Getting more exercise and losing weight are two perennial New Year's resolutions for people. If pets could pick goals and resolutions, most dogs would be thrilled to get more exercise, especially if that means daily outdoor walks or trips to dog parks.
Of course, there are some dogs that don't like going out in cold or wet conditions. Pablo, our family's cocker spaniel, doesn't like his white paws to have any contact with grass that has been rained upon, but he loves snow and cold weather. He never shivers and is downright perky in the winter.
A dog coat or sweater can take the bite out of winter exercise, for big dogs like greyhounds and tiny dogs like Chihuahuas. I've even seen pit bull terriers and Doberman pinschers sporting coats and sweaters because dogs with short, sparse hair and little body fat can get uncomfortably cold.
A coat can't keep their feet warm, however. Snow sometimes clumps and forms ice balls in pads and between toes, and that makes walking painful. Sidewalk salt and de-icers can sting and burn paws. Musher's Secret wax is the solution for both problems, and it's sold everywhere -- specialty pet stores, chain pet stores, many hardware stores and on multiple websites.
Pablo doesn't have a Facebook page or his own email address, but like many pets he does get emails and messages. His are sent to my Post-Gazette email address and my Linda Wilson Fuoco Facebook page. His latest email came right before Christmas from his veterinarians at the Greentree Animal Clinic. "Three Gifts to Give Your Pets" was the headline. It suggests 1) a holiday physical exam, 2) daily exercise and 3) a health profile.
All pets should have regular veterinary exams. No one should wait until an animal gets sick before establishing a relationship with a veterinarian. I'm intrigued with the health profile suggestion, which includes having yearly or twice yearly blood and urine testing. Those aren't tests I've routinely requested.
"Many diseases in pets don't become obvious until it's too late," according to the email. Blood and urine tests can spot diseases or problems before there are any symptoms. I'll be discussing this at Pablo's next regular checkup.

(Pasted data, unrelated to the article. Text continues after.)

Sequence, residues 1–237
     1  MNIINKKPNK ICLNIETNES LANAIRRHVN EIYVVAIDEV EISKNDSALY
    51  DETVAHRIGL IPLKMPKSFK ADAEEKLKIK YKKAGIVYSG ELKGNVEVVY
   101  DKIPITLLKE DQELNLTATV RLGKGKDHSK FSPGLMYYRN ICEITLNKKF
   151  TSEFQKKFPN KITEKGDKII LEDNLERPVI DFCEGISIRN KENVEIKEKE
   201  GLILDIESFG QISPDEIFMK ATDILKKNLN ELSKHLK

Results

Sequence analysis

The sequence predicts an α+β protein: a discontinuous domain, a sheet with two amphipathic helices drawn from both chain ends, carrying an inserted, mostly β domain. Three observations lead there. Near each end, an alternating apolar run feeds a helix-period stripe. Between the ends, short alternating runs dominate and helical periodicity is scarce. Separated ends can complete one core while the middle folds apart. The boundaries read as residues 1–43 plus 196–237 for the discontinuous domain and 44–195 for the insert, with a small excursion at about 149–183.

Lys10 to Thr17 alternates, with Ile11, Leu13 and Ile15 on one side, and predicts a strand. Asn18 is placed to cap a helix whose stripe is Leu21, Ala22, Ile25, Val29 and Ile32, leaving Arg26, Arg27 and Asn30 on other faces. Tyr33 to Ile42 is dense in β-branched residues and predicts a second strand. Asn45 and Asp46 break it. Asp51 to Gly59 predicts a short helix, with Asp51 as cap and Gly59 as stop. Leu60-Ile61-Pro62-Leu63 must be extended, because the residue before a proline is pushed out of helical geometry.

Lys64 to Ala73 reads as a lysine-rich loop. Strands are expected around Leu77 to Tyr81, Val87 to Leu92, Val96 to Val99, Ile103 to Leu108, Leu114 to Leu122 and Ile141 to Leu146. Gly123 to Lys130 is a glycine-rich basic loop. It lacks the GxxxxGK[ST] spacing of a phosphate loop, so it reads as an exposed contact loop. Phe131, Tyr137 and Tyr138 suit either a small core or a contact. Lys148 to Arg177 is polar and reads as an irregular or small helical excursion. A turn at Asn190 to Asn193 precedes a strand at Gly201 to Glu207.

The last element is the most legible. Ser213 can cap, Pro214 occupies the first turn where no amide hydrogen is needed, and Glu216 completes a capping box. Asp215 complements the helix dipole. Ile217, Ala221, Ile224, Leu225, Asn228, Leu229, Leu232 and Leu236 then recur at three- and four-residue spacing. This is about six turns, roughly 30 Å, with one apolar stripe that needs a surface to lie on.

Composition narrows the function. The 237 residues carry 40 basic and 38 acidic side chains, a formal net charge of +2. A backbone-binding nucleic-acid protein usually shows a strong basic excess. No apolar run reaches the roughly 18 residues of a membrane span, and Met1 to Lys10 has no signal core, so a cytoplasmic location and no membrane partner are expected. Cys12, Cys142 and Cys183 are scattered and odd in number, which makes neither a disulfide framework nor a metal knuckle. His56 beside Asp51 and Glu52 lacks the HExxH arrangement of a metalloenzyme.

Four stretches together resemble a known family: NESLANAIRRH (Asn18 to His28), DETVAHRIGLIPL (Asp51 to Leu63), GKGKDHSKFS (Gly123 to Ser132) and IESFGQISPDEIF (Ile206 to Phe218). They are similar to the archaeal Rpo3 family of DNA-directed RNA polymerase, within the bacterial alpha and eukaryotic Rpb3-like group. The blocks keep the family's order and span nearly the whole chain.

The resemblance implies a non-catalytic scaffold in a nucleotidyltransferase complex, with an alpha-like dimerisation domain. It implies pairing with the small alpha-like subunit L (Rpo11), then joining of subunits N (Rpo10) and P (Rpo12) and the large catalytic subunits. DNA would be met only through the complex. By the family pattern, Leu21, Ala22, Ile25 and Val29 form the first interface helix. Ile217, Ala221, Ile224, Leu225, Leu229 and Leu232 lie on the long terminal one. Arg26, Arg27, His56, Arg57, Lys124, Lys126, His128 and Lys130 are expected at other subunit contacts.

Wellness examination guidelines, including blood and urine analysis, are covered on the excellent website www.vetstreet.com. Tests will vary "depending on the species, age and health needs of the patient."
Bloodwork can uncover a wide range of problems including anemia, infection or organ disease. Urinalysis can test for the presence of bacteria, blood and evidence of infection.
"For any pet, especially senior pets, a wellness examination is a good way to detect early onset of disease" including diabetes and heart disease, says the Vetstreet site.
Year-end 2012 reports are coming in, and there's good news from the Western Pennsylvania Humane Society. Shelters on the North Shore and in Elizabeth found new homes for 5,627 pets, including lots of rabbits. There were 6,458 appointments at the low-cost clinic, and 6,320 surgeries.
Four humane officers investigated more than 1,100 cases of animal abuse and neglect, and agents rescued 357 animals. Educators visited more than 3,000 children, teaching them compassion, kindness and empathy -- and how to be safe around dogs.
More than 1,600 dogs attended obedience training classes, and that created happier, healthier pets and owners.
Feline birth control
The Homeless Cat Management Team reports that 1,100 stray and feral cats were neutered and inoculated in 2012. The nonprofit organization has neutered 14,326 cats in the past 13 years. Volunteers opened their new clinic in Tarentum last summer. All surgeries are by appointment, which can be made at www.homelesscat.org or by calling 412-321-4060.
Pennsylvania is known as a state with lots of "puppy mills" -- large commercial kennels that, according to critics, breed dogs and raise puppies in crowded conditions with little or no socialization or exercise.
The Dog Law Enforcement Office of the Pennsylvania Department of Agriculture issued its year-end report, saying the office "continues to crack down on illegal kennels," taking action against 37 operating without a license.
Pennsylvania dog wardens conducted nearly 4,505 inspections of the 2,137 licensed kennels, reports Mike Pechart, acting dog law enforcement director.
"Wardens have issued 3,013 summary citations and 55 misdemeanor complaints to dog owners in Pennsylvania, including commercial kennels that are not in compliance with the state's dog law.
"The office is also focusing its efforts on investigating the illegal sale of dogs online. Since October, six kennel owners were discovered and charged."
Anyone who keeps or "transfers" 26 or more dogs in a calendar year must obtain a kennel license. The office tip line to report problems, including kennels that are not clean, is 1-717-425-5331. An online complaint form can be found at www.agriculture.state.pa.us.
Pet Tales appears weekly in the Saturday Home & Garden section. Linda Wilson Fuoco: firstname.lastname@example.org or 412-263-3064. Got a pet health question? Email it to email@example.com. It may be answered in an upcoming Pet Points column by veterinarians at the Point Breeze Veterinary Clinic.